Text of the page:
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A recent NAHB Special Study uses the National Longitudinal Survey of Youth (NYLS) to study lifetime homeownership rates and how long individuals sustain in homeownership. The study finds a lifetime homeownership rate of 90.5% among the 1979 NLSY cohort, meaning that most people become homeowners at some point in life (Figure 1). This finding is a reminder of the importance of homeownership in terms of wealth accumulation and as a common aspiration among Americans.

Lifetime Homeownership Rates

Conducted by the US Bureau of Labor Statistics, the NLSY tracks the labor market activities and significant life events of surveyed individuals over time, starting in 1979 (when most were between the ages of 17 and 21) to 2016, the most recent year of data collection.

In contrast to the homeownership rate, which measures homeownership at a specific point in time, the lifetime homeownership rate, measures whether someone has been a homeowner at any point in their life. Studying the lifetime homeownership rate is useful as it captures people who move in and out of homeownership over time for various reasons. The NAHB special study approximates the lifetime homeownership rate by examining whether an individual in the NLSY 1979 cohort has been a homeowner at any point between 1980 and 2016.

Almost all of the NLSY 1979 sampled individuals have become homeowners at some point, but looking at differences by race and ethnicity shows that white individuals[1] have a higher lifetime homeownership rate (93.9%) than Hispanics (87.8%), and blacks (74.5%). The study also shows that individuals with mothers who have a high school degree or higher (92.7%) have a slightly higher lifetime homeownership rate than mothers who have less than a high school degree (88.5%), or who never attended high school (86.2%) (Figure 1, click through slideshow for other figures).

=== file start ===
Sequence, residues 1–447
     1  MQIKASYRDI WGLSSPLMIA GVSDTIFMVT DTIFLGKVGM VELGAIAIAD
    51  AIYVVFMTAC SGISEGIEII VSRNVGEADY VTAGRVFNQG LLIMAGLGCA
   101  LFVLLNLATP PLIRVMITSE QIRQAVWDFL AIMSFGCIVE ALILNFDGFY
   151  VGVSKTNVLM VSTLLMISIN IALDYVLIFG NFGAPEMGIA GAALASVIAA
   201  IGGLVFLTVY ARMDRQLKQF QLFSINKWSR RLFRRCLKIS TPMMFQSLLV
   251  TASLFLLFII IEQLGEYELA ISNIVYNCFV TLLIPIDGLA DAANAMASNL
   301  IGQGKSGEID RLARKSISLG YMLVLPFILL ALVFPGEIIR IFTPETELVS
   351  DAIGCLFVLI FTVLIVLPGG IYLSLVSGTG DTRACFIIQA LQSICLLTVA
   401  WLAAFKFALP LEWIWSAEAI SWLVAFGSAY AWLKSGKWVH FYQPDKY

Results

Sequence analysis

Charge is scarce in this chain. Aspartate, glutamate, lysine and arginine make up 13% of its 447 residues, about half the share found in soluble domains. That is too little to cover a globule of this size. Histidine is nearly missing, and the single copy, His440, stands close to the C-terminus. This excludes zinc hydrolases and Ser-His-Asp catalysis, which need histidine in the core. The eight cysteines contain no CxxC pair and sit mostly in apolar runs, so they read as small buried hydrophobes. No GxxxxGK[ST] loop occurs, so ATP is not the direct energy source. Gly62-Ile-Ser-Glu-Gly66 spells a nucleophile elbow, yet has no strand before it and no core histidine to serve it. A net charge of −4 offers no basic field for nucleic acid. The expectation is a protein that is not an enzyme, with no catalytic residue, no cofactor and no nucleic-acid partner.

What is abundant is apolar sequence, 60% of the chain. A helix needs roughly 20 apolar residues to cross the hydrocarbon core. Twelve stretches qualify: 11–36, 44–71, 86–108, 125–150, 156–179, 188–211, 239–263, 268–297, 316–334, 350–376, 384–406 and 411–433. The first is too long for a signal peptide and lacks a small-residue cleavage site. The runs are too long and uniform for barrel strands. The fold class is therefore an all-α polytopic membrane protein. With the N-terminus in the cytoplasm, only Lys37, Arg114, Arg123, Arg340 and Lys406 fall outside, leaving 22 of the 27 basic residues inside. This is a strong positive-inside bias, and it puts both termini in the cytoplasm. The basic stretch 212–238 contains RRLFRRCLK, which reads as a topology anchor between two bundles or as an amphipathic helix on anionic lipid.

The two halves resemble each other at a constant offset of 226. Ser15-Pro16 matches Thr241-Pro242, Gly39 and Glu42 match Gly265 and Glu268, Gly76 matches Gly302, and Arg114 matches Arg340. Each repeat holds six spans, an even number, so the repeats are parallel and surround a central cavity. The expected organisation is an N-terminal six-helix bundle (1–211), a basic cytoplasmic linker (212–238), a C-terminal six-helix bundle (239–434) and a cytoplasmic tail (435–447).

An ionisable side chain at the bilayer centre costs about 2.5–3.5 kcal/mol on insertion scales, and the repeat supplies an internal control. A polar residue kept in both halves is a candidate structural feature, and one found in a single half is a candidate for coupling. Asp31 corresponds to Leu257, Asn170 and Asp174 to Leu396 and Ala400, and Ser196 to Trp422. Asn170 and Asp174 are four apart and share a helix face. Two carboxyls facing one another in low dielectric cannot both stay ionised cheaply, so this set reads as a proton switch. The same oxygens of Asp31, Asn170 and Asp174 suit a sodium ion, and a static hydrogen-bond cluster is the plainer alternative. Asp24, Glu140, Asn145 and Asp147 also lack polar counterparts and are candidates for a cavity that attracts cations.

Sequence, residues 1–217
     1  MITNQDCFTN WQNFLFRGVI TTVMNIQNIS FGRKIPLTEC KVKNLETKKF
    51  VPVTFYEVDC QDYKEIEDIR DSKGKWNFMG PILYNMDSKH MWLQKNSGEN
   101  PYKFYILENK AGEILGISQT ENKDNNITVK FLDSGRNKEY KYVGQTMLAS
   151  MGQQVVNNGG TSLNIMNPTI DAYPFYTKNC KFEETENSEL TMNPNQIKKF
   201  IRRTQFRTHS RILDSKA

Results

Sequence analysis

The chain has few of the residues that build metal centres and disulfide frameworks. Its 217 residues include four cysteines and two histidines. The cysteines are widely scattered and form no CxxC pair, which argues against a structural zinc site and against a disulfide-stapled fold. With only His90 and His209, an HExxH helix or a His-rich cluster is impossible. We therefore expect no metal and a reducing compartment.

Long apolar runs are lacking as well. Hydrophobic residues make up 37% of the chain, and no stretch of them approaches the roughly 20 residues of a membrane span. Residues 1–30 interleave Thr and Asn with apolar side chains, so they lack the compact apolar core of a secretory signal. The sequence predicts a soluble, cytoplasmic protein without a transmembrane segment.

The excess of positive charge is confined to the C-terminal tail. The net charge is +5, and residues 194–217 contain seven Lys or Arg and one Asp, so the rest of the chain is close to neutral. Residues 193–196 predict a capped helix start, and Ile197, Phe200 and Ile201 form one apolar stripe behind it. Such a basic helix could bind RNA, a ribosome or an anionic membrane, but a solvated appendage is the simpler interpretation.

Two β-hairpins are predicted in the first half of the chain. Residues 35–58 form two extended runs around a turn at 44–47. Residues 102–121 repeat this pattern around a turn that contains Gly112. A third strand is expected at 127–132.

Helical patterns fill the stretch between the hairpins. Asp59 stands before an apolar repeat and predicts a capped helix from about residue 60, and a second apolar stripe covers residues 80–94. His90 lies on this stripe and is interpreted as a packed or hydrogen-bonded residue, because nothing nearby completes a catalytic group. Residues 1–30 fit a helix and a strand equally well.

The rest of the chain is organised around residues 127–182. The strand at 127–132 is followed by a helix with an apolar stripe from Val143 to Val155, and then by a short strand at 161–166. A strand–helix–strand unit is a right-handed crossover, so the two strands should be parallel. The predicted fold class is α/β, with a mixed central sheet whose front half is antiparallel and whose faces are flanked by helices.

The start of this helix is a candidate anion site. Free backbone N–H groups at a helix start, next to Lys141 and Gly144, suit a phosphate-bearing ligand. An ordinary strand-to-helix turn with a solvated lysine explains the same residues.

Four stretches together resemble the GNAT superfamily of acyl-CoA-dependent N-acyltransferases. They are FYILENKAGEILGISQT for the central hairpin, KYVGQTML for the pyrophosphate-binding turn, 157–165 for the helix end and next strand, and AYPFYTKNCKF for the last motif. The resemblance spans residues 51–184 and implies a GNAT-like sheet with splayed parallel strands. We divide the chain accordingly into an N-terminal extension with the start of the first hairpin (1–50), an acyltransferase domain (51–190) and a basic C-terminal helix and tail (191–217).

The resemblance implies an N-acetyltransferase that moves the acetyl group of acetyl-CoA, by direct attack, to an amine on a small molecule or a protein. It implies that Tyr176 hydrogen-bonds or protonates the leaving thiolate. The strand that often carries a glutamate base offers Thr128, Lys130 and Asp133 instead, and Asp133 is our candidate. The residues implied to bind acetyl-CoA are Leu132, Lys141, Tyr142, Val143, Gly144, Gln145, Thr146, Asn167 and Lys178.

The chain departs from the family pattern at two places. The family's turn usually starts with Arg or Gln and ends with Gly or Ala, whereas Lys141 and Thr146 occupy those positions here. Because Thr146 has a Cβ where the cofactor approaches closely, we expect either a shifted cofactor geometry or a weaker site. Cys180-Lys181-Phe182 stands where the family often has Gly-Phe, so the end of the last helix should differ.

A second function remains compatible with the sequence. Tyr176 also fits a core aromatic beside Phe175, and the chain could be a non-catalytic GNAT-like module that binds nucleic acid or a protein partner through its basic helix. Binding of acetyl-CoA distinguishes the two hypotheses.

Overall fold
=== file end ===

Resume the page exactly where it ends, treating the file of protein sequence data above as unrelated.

Homeownership Survival Rates

Using the NLSY also allows for the study of homeownership duration, or in other words, the shares of homeowners who remain in homeownership over time (Figure 2). Figure 2 shows the shares of individuals who have survived in homeownership by the year in which homeownership was first detected.

One finding from Figure 2 is that survival rates gradually improve as the NLSY cohort ages into their 30s. For example, those who start homeownership in 1980 are 23 at most in the sample, and just over half — 53% — survive in homeownership after eight years (1988). This is compared to an 88% survival rate after eight years among those who started in 1992 and who are mostly in their mid-30s.

Another observation is that survival rates begin to fall after the 1992 start year, and the curves are particularly steep for the 2004 through 2012 start years. This is most likely the impact of the Great Recession. Groups that entered homeownership just prior to the Great Recession were most likely negatively affected as they bought homes at peak home prices and had less opportunity to build equity in their homes before the downturn, compared to groups that entered homeownership at earlier dates.

For more information on NLSY 1979 lifetime homeownership rates and survival rates, including homeownership survival rates by race and ethnicity, please click here to access the NAHB Special Study.

[1] The NLSY codes uses three race/ethnicity codes: black, Hispanic; and non-black/non-Hispanic. NAHB analysis of the 2017 American Community Survey (1 year) shows that a majority of non-black, non-Hispanic homeowners – 83 percent — are white. Therefore, for the purposes of this survey the non-black, non-Hispanic homeowners will be referred to as white homeowners.